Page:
Mrs. Thatcher csrried through a huge programme of privatisation of industries, Blair attempted the same (though with only limited success) in respect of services, and now the Tories are hell-bent on achieving what Blair failed to do, but using a different route – the austerity drive. By shrinking the State on the ostensible pretext that the budget deficit makes this ‘unavoidable’, the Tories have the perfect excuse to complete the ideological anti-State revolution to reverse once-and-for-all the post-1945 hegemony of social democracy. They are certainly approaching the task with relish on tghe evidence of just 2 months of coalition government. (more…)
The Gulf of Mexico saga which may – or may not – be now coming to an end has more compelling implications than has been realised. It’s not just that BP has suffered a catastrophic accident, has already paid out £2.5bn in clean-up costs, is facing even bigger compensation claims for years ahead, and has experienced the biggest reputational nosedive in modern history from third largest corporation in the US to public enemy no1. It’s the way its record in so many other respects has been crawled over and found abysmally wanting.
It’s not even just that the Gulf of Mexico disaster comes on top of the worst US industrial disaster of the last decade, also laid at the door of BP, when its Texan oil refinery blew up in 2005 killing 15 workers. It’s the fact that these were not just one-off episodes, but rather typical of a safety and environment-lax, no-holds-barred, gung-ho profits culture which arrogantly accepted no checks on its industrial and financial dominance. As the evidence now coming to light reveals, the abuse of power runs right through the whole BP record. So how should we now respond? (more…)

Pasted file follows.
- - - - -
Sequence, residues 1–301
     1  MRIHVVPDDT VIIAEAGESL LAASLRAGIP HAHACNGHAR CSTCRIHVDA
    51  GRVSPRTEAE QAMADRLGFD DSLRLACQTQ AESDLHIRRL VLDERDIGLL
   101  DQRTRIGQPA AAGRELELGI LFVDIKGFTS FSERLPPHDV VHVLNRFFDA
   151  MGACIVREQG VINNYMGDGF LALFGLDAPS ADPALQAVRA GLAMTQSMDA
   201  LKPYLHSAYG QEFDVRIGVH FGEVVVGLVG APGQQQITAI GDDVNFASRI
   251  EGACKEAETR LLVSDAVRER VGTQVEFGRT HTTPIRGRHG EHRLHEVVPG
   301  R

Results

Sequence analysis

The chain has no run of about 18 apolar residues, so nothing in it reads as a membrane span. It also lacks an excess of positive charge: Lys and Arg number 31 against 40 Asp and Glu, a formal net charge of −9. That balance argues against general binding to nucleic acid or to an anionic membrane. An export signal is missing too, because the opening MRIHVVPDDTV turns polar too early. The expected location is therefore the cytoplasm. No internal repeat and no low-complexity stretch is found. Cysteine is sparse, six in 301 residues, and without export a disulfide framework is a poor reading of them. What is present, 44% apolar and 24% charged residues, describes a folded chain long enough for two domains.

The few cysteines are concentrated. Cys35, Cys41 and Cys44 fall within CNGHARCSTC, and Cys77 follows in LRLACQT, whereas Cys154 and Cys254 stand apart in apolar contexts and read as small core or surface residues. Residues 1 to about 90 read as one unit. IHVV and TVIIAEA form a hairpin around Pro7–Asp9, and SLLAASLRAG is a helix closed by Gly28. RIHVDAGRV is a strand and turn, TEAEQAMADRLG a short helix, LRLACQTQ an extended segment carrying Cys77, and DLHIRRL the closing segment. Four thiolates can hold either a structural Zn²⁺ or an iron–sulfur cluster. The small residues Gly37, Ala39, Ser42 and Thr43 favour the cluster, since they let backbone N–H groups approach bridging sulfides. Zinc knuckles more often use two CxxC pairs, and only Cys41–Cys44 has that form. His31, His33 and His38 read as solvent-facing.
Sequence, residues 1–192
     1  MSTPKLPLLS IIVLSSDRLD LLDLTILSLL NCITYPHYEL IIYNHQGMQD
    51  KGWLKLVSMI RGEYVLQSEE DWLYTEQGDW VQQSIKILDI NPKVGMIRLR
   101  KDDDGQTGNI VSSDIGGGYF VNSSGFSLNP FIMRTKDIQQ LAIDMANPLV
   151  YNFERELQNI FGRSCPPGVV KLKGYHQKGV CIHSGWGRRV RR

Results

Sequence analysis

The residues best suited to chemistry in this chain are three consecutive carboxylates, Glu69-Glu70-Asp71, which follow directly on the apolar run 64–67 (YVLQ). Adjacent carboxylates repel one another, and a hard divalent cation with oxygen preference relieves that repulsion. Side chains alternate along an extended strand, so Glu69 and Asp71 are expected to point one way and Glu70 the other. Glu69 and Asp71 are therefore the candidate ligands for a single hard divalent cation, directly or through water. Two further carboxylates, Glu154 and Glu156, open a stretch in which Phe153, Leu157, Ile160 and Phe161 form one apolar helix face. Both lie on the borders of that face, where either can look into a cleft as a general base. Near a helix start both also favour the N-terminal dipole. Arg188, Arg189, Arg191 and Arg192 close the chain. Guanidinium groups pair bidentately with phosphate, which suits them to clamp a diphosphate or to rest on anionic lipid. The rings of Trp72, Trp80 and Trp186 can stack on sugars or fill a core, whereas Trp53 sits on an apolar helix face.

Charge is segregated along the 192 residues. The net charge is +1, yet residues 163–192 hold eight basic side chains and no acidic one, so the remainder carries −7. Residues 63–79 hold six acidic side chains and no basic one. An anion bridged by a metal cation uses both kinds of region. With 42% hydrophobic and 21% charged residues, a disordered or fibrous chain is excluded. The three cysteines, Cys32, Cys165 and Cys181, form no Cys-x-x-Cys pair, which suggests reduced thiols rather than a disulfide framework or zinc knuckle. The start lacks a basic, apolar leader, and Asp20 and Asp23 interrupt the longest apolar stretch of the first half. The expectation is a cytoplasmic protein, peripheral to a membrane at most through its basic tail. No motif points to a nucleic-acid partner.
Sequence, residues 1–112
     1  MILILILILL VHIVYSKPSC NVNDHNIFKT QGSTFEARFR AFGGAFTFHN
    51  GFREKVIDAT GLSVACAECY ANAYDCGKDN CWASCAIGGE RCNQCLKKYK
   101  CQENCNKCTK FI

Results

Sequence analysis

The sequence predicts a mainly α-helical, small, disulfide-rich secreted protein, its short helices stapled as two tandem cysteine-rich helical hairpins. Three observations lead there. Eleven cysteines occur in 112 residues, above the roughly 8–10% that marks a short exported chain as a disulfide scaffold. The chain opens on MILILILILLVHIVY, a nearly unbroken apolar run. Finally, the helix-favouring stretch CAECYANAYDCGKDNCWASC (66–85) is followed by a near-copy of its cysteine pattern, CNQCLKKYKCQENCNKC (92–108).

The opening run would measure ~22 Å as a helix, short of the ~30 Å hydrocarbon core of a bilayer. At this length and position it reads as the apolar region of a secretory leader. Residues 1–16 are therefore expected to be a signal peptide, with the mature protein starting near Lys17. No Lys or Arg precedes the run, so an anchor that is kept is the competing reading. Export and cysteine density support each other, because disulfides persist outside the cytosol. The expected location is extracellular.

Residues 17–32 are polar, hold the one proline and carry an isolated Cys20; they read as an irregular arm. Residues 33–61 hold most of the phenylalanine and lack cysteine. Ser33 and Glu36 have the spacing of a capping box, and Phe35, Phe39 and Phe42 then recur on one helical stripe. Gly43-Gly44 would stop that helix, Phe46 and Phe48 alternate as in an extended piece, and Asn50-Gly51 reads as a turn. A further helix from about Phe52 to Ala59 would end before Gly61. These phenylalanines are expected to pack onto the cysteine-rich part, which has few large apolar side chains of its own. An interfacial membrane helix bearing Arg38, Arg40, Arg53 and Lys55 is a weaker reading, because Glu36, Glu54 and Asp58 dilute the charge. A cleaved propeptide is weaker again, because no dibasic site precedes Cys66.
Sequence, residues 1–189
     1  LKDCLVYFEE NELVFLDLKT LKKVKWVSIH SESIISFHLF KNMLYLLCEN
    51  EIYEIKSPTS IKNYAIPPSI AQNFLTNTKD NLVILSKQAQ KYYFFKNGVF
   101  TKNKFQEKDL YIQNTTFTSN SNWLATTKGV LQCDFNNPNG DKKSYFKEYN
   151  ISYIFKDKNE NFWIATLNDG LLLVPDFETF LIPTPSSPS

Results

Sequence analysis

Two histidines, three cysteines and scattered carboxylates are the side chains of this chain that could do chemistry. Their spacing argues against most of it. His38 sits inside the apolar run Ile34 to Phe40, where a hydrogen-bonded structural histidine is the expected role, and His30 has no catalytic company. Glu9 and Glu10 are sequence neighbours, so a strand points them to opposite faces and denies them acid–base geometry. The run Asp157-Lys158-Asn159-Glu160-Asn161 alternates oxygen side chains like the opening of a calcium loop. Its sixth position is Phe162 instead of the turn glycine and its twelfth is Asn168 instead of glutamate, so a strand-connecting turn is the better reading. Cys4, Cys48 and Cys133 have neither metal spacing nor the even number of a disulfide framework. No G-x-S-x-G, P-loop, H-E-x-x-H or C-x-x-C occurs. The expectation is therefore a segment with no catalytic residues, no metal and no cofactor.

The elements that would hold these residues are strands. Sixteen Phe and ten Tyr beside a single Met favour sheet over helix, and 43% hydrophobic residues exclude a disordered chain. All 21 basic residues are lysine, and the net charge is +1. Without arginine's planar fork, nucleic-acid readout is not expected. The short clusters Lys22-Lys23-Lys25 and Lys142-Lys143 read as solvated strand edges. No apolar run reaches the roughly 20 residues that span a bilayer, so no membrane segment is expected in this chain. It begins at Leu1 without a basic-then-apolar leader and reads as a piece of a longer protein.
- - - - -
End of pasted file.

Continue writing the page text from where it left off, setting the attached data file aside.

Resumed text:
Vince Cable is to be credited with coming up with new and more radical solutions for resolving the two key dilemmas in higher education – the growing elitism in Britain’s top universities and the unfairness of tuition fees especially if they were to be significantly raised (as the top universities are clamouring for). But his proposals don’t go far enough to break through the class barrier and also contain some notable downsides. (more…)
So BP lobbied the British Government for the release of Abdel Basset al-Megrahi, the alleged Lockerbie bomber, in order to get prior access to Libyan oil – or so say 4 US Senators. Al-Megrahi was almost cetainly not the culprit; the bombing was much more likely to have been carried out by the Iranian-backed Ahmed Gibril’s revolutionary Popular Front for the Liberation of Palestine – but that’s another story. The deal that was hatched whereby Libya would give up its nuclear ambitions (which showed no sign of materialising anyway), Al-Megrahi would be released on compassionate grounds that he was in the final stages of a terminal illness (which we now know he wasn’t), and Britain would graciously respond to these magnanimous gestures of goodwill from Libya by opening up its markets to Libyan goods (i.e. grabbing the oil).
Jack Straw, earlier Foreign Secretary, openly admitted as much. He said last year: “We wanted to bring Libya back into the fold. And yes, that included trade…and subsequently there was the BP deal”. No country oozes high-mindedness to cloak its base commercial interests like the UK. Indeed this motif has been played out repeatedly. (more…)
Not another personal memoir, surely. Apart from the obvious motive of trying to retain a drop of fast-fading publicity, this latest wallowing in an orgy of self-importance in Mandelson’s diaries is yet another painful reminder of the personality-obsessed, policy-vacuous utter lack of ideology, direction and vision of the New Labour years. It’s almost as though the waste of more than a decade was merely a paver for a largely trite, always self-centred, stream of personal reminiscences. O Crossman and Crosland, where art thou today? Why have we descended so far to the pygmies? (more…)